WASHINGTON – China was behind the massive hack that compromised tens of thousands of Microsoft Exchange email servers worldwide, the Biden administration said Monday, as the United States joined with other world powers to blame Beijing's intelligence agency for a wide array of malicious cyber operations that targeted dozens of industries.
The United States, NATO, the European Union and other allies said China's Ministry of State Security has been using contract hackers in a ransomware scheme designed to extort companies for millions of dollars, according to a senior administration official.
The sweeping condemnation from the U.S. and its allies came as the Justice Department announced indictments against four Chinese nationals, including three state security officers, who were accused in a yearslong hacking scheme in which they allegedly stole trade secrets, confidential business information, sensitive technologies and scientific research from dozens of companies, universities and government entities in several countries, including the United States.
Monday's twin announcements highlight the worldwide cyberthreat the Chinese government poses, U.S. officials said. The Biden administration has confronted senior Chinese government officials about its cyber activities, the senior official said, although the White House has not announced sanctions or other punitive actions. The official said the United States is not ruling out further steps to hold China accountable.
"The breadth and duration of China's hacking campaigns, including these efforts targeting a dozen countries across sectors ranging from healthcare and biomedical research to aviation and defense, remind us that no country or industry is safe," Deputy Attorney General Lisa Monaco said. "Today's international condemnation shows that the world wants fair rules, where countries invest in innovation, not theft."
Secretary of State Antony Blinken said China's contract hackers cost governments and businesses billions of dollars in stolen intellectual property and ransom payments.
"The (People's Republic of China's) Ministry of State Security has fostered an ecosystem of criminal contract hackers who carry out both state-sponsored activities and cybercrime for their own financial gain," he said. "Responsible states do not indiscriminately compromise global network security nor knowingly harbor cyber criminals – let alone sponsor or collaborate with them."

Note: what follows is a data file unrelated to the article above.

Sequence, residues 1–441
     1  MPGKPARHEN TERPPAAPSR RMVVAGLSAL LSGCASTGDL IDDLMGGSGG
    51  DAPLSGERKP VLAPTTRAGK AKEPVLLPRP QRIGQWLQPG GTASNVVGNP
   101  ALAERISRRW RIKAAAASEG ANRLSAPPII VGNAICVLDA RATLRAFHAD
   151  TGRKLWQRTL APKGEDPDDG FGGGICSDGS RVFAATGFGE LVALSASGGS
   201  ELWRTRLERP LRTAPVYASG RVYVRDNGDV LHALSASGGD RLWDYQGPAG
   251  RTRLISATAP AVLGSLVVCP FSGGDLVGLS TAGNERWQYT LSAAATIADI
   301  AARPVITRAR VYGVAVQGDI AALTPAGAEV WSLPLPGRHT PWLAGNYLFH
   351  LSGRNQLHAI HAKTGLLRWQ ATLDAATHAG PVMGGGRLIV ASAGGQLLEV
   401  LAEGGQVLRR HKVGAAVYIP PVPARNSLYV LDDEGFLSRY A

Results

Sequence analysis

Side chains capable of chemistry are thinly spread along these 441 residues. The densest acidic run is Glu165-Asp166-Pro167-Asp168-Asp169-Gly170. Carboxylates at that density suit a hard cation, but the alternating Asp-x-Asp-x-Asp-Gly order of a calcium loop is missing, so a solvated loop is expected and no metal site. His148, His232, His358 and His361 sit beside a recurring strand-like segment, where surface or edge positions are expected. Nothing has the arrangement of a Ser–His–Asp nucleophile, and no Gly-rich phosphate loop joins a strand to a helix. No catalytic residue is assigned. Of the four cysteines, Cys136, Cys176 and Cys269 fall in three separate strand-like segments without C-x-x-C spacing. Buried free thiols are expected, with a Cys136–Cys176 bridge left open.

The global hack targeting Microsoft Exchange earlier this year exploited email server vulnerabilities and victimized a wide gamut of companies, including small businesses, local governments, healthcare companies and manufacturers.
Asked about the Microsoft Exchange hack, a Chinese Foreign Ministry spokesperson said China "firmly opposes and combats cyber attacks and cyber theft in all forms" and cautioned that attribution of cyberattacks should be based on evidence and not "groundless accusations," The Associated Press reported.
Chinese nationals charged
The Justice Department on Friday unsealed an indictment against three officers of the Hainan State Security Department, a provincial arm of the Ministry of State Security, in a hacking scheme that targeted American and foreign companies, as well as government agencies, from 2011 to 2018.
The defendants allegedly used Hainan Xiandun Technology Development Co., Ltd. as a front company to hide the Chinese government's role, while coordinating, facilitating and managing hackers at the now-disbanded company.
The conspiracy involved accessing networks by sending spear-phishing emails with links to fake websites designed to mimic the domains of legitimate companies and hijacking credentials to target multiple users and entities, according to the Justice Department.
The Justice Department said the hacking scheme targeted various industries – including defense, education, biopharmaceutical, aviation, maritime – whose proprietary information would economically benefit Chinese companies. Academic research on Ebola, MERS, HIV/AIDS and other diseases was also targeted.
Among those charged were Ding Xiaoyang, Cheng Qingmin and Zhu Yunmin, all Ministry of State Security officers. Wu Shurong, a hacker whose job allegedly involved creating malware and infiltrating victims' computer systems, was also charged in the case. They have not been found or arrested.
The defendants have been charged with conspiracy to commit computer fraud and conspiracy to commit espionage, which carry a combined maximum sentence of 20 years in prison.
Following the announcement, federal agencies described dozens of tactics and techniques they say were used by China's sponsored hackers. A 31-page document published by the FBI, the National Security Agency and the Cybersecurity and Infrastructure Agency or CISA also outlined ways to mitigate attacks.
Contributing: Associated Press
This article originally appeared on USA TODAY: China is responsible for Microsoft Exchange hack in January, US says